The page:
22. Montine TJ, Phelps CH, Beach TG, Bigio EH, Cairns NJ, Dickson DW, et al. National Institute on Aging-Alzheimer's Association guidelines for the neuropathologic assessment of Alzheimer's disease: a practical approach. Acta Neuropathol. 2012;123(1):1–11. https://doi.org/10.1007/s00401-011-0910-3. [PubMed] [Google Scholar].
  23. Crane PK, Gibbons LE, Dams-O’connor K, Trittschuh E, Leverenz JB, Keene CD, Sonnen J, Montine TJ, Bennett DA, Leurgans S, Schneider JA, Larson EB. Association of Traumatic Brain Injury with Late-Life Neurodegenerative Conditions and Neuropathologic Findings. JAMA Neurol. 2016;73(9):1062–9. https://doi.org/10.1001/jamaneurol.2016.1948. [PubMed] [Google Scholar].
  24. Kukull WA, Higdon R, Bowen JD, McCormick WC, Teri L, Schellenberg GD, et al. Dementia and Alzheimer disease incidence: a prospective cohort study. Arch Neurol. 2002;59(11):1737–46.https://doi.org/10.1001/archneur.59.11.1737. [PubMed] [Google Scholar].
  25. Zou, G. A modified poisson regression approach to prospective studies with binary data. Am J Epidemiol. 2004;159(7):702–6. https://doi.org/10.1093/aje/kwh090. [PubMed] [Google Scholar].
  26. Efron B. Better bootstrap confidence intervals. J Am Stat Assoc. 1987;82(397):171–85. [Google Scholar].Google Scholar
  27. Montero-Odasso M, Verghese J, Beauchet O, Hausdorff JM. Gait and cognition: a complementary approach to understanding brain function and the risk of falling. J Am Geriatr Soc. 2012;60(11):2127–36. https://doi.org/10.1111/j.1532-5415.2012.04209.x. [PubMed] [Google Scholar].
  28. Boyle PA, Buchman AS, Wilson RS, Leurgans SE, Bennett DA. Physical frailty is associated with incident mild cognitive impairment in community-based older persons. J Am Geriatr Soc. 2010;58(2):248–55. https://doi.org/10.1111/j.1532-5415.2009.02671.x. [PubMed] [Google Scholar].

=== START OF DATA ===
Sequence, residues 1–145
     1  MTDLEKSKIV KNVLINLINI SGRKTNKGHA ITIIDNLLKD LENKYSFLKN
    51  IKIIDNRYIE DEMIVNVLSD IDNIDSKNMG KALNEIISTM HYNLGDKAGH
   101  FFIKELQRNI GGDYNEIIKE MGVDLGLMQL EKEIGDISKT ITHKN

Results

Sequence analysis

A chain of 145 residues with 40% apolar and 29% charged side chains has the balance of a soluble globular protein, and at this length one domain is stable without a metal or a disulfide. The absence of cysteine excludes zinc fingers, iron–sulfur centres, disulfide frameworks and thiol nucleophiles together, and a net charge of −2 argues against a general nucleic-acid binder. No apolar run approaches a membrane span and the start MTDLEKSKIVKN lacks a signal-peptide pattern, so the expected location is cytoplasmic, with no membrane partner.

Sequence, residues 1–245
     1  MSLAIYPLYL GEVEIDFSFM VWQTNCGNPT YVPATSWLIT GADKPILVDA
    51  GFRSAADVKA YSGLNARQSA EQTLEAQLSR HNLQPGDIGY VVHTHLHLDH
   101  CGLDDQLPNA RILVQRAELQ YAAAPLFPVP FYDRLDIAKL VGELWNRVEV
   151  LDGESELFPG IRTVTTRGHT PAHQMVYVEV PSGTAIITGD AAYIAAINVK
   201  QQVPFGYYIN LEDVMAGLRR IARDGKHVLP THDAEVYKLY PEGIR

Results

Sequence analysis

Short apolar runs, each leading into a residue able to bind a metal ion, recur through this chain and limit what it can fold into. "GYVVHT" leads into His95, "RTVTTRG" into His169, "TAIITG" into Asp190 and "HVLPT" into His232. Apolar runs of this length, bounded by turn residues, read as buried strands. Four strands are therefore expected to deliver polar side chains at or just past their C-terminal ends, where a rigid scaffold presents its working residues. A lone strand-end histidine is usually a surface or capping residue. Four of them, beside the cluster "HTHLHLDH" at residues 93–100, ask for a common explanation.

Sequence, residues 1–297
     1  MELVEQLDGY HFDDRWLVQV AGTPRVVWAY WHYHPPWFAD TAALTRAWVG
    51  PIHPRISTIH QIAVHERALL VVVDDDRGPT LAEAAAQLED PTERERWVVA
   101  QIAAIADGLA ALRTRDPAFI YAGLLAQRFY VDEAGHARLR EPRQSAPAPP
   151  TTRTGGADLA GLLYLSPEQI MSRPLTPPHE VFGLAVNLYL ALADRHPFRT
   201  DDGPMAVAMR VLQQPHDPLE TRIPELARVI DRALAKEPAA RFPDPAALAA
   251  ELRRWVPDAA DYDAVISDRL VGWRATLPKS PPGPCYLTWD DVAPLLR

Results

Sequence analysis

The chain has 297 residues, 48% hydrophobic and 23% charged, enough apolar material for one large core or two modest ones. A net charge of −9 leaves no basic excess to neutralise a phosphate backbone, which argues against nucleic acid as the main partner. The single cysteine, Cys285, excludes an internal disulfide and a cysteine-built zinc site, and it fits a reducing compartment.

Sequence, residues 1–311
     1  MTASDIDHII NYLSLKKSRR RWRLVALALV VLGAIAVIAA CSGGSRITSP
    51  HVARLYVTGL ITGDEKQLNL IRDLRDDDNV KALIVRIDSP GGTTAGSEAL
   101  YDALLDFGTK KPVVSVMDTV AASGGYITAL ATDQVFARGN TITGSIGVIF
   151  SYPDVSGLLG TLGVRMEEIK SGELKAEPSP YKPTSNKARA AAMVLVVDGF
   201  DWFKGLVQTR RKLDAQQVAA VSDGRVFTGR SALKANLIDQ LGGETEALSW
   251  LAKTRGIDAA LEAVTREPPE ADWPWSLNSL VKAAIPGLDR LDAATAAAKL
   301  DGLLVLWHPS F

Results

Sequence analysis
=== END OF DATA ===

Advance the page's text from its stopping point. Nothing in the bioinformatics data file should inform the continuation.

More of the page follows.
29. Buchman AS, Boyle PA, Wilson RS, Tang Y, Bennett DA. Frailty is associated with incident Alzheimer's disease and cognitive decline in the elderly. Psychosom Med. 2007;69(5):483–9. https://doi.org/10.1097/psy.0b013e318068de1d. [PubMed] [Google Scholar].
  30. Song X, Mitnitski A, Rockwood K. Nontraditional risk factors combine to predict Alzheimer disease and dementia. Neurology. 2011;77(3):227–34. doi:http://dx.doi.org/10.1212/WNL.0b013e318225c6bc. [PubMed] [Google Scholar].
  31. Robertson DA, Savva GM, Kenny RA. Frailty and cognitive impairment--a review of the evidence and causal mechanisms. Ageing Res Rev. 2013;12(4):840–51. doi:https://doi.org/10.1016/j.arr.2013.06.004. [PubMed] [Google Scholar].
  32. Rosano C, Brach J, Longstreth WT Jr, Newman AB. Quantitative measures of gait characteristics indicate prevalence of underlying subclinical structural brain abnormalities in high-functioning older adults. Neuroepidemiology. 2006;26(1):52–60. https://doi.org/10.1159/000089240. [PubMed] [Google Scholar]. [PubMed] [Google Scholar].
  33. Rosano C, Kuller LH, Chung H, Arnold AM, Longstreth WT Jr, Newman AB. Subclinical brain magnetic resonance imaging abnormalities predict physical functional decline in high-functioning older adults. J Am Geriatr Soc. 2005;53(4):649–54. doi:https://doi.org/10.1111/j.1532-5415.2005.53214.x. [PubMed] [Google Scholar].
  34. Baezner H, Blahak C, Poggesi A, Pantoni L, Inzitari D, Chabriat H, Erkinjuntti T, Fazekas F, Ferro JM, Langhorne P, O'Brien J, Scheltens P, Visser MC, Wahlund LO, Waldemar G, Wallin A, Hennerici MG; LADIS study group. Association of gait and balance disorders with age-related white matter changes: the LADIS study. Neurology. 2008;70(12):935–42. doi:https://doi.org/10.1212/01.wnl.0000305959.46197.e6. [PubMed] [Google Scholar].
  35. Hugenschmidt CE, Burdette JH, Morgan AR, Williamson JD, Kritchevsky SB, Laurienti PJ. Graph theory analysis of functional brain networks and mobility disability in older adults. J Gerontol A Biol Sci Med Sci. 2014;69(11):1399–406. doi:https://doi.org/10.1093/gerona/glu048. [PubMed] [Google Scholar].

Copyright

© The Author(s). 2017

Advertisement